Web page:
Introducing Mérida (population 59 thousand): the third-largest town of Extremadura, Spain’s most rural and lowest-income region.
Most famous for an array of impressive Roman ruins that attract busloads of tourists and an old Roman bridge that stretches across the beautiful Guadiana river, it’s a modestly bustling provincial town of otherwise unremarkable features. It’s also a swing town in a swing state at a time of stark political polarization in Spain.
Like most cities in Extremadura and Andalusia, Mérida is both more prosperous and less left-wing than the surrounding countryside. But it’s not as well-off as the state’s larger two cities, Badajoz and Cáceres, and doesn’t lean anywhere as much to the right. Just like Extremadura as a whole, Mérida has in fact become the definition of electoral swing territory.
For most of the past 25 years, the socialist party PSOE and the conservative Partido Popular (PP) have alternated as top choice of the city’s voters, and left and right have matched each other ever more closely.
But with a population that’s younger than that of the surrounding countryside, Mérida voters have swung further away from the long-dominant socialist and conservative parties to newcomer parties, in particular the liberal-conservative Ciudadanos (Cs).
In last month’s elections, PSOE rebounded modestly from earlier defeats while Ciudadanos and the far-right Vox benefited handily from the collapse of the PP vote. Overall, the right-wing block of PP, Cs and Vox ever so slightly increased a narrow advantage.
In the 1980s the left got over 60% of the vote in Extremadura, and in Mérida too. But the province has trended towards the median since.
The 2016 elections marked the first time since 1979 that left-wing parties got a smaller share of the vote here than nationally, and that gap increased last month as the left gained ground nationwide but stayed level here. The points gained by PSOE were lost by Podemos, and Extremadura has none of the left-of-center nationalist and regionalist forces that add to the left’s score in Catalonia, the Basque Country or Galicia.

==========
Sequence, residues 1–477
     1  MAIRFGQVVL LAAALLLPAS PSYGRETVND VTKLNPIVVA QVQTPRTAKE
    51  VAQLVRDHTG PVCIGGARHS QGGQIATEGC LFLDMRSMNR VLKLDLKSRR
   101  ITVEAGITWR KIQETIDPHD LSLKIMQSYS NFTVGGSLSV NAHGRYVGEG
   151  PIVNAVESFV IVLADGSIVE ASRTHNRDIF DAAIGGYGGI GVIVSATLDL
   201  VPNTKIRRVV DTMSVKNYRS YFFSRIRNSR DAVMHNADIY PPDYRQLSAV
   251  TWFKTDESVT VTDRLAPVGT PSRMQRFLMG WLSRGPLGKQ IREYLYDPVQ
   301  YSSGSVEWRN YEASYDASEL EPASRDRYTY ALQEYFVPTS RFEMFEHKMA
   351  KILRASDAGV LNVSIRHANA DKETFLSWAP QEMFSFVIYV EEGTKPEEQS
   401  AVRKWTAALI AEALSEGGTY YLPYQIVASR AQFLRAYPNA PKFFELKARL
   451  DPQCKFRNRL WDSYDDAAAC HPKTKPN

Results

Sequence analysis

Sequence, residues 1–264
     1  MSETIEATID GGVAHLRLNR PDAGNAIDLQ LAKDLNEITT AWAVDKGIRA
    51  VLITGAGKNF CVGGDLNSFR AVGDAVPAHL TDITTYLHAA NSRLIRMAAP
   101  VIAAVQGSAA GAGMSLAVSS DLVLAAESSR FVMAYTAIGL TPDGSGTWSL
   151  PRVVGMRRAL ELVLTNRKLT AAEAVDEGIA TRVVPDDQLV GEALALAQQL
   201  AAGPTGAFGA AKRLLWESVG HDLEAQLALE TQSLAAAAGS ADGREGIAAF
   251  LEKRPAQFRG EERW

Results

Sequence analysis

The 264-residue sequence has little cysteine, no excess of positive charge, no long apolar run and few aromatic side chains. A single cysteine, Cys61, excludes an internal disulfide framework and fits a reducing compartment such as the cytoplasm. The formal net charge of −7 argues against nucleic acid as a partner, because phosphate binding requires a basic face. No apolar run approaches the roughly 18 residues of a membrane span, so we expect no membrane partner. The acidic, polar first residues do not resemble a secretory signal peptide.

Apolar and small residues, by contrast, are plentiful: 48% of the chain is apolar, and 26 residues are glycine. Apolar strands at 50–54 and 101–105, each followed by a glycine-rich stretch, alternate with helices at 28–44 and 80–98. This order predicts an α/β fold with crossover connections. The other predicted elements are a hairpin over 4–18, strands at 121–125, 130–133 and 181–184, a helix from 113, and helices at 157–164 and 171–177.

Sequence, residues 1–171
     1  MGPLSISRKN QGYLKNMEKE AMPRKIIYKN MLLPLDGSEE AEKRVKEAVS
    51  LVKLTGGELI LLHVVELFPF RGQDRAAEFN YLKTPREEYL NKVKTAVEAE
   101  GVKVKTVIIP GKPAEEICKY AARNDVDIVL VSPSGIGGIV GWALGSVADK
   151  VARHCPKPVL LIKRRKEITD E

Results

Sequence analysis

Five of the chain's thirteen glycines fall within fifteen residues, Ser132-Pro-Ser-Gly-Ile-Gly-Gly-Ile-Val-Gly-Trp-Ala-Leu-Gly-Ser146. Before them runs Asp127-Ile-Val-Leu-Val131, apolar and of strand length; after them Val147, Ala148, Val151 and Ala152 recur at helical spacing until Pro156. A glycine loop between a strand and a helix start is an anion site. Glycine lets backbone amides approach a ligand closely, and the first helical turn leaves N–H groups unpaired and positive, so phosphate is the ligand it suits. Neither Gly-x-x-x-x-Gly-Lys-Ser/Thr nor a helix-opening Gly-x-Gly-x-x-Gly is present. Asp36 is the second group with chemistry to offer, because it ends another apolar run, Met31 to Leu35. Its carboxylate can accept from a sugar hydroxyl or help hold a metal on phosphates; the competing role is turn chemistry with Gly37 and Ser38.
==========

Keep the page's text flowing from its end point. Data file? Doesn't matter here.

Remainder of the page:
It’s a paradox: as rural region, Extremadura is drifting gradually right compared to the country overall. But within the region it’s the cities that lean right and the villages left — and little about that seems to be changing.
PSOE paints the town red again
Mérida was never marked by the bourgeois politics that appear to characterize Cáceres, 70 kilometres north. When Extremadura was a socialist stronghold, so was Mérida. Both gave the PSOE absolute majorities of their vote in the 1980s, but those majorities started eroding sooner and faster in Mérida.
The PSOE vote surged once more under Zapatero, who seemed particularly popular with Mérida voters. Pedro Sánchez is no Zapatero and has made more of an impact elsewhere in Spain, but they like him okay. While the Socialists don’t maintain the commanding leads here they enjoy in many of Extremadura’s villages, PSOE still does significantly better than nationally.
Thanks to the implosion of the PP, last month’s modest gains meant that PSOE topped the vote in all but five of the city’s 41 census sections, which yields the very red map at the top of this blog post. Only in the heart of downtown Mérida does the PP still prevail, while Cs got to take first place in two newly built neighbourhoods on the edge of town.
The Socialist Party’s strongholds in town are working class neighbourhoods, often well away from the city centre. Its strongest section last time round was in the neighbourhood of San Juan on the town’s periphery, where people who moved into town from the emptying countryside in the 1960s to find work in the factories built their own houses on illegally parcelled off land. Even now (at least according to the 2011 census), a quarter of its residents has had no schooling (“analfabetas” or “sin estudios”), and less than half has completed secondary education.
But PSOE actually lost ground in San Juan, with Cs winning over more new voters than you might have expected in a neighbourhood where it got its worst result last time round. PSOE still received 47% of the vote in San Juan, but the party’s best result last month came over on the other end of the city, in “seccion censal” 6–3: part of the “Polígono Nueva Ciudad”.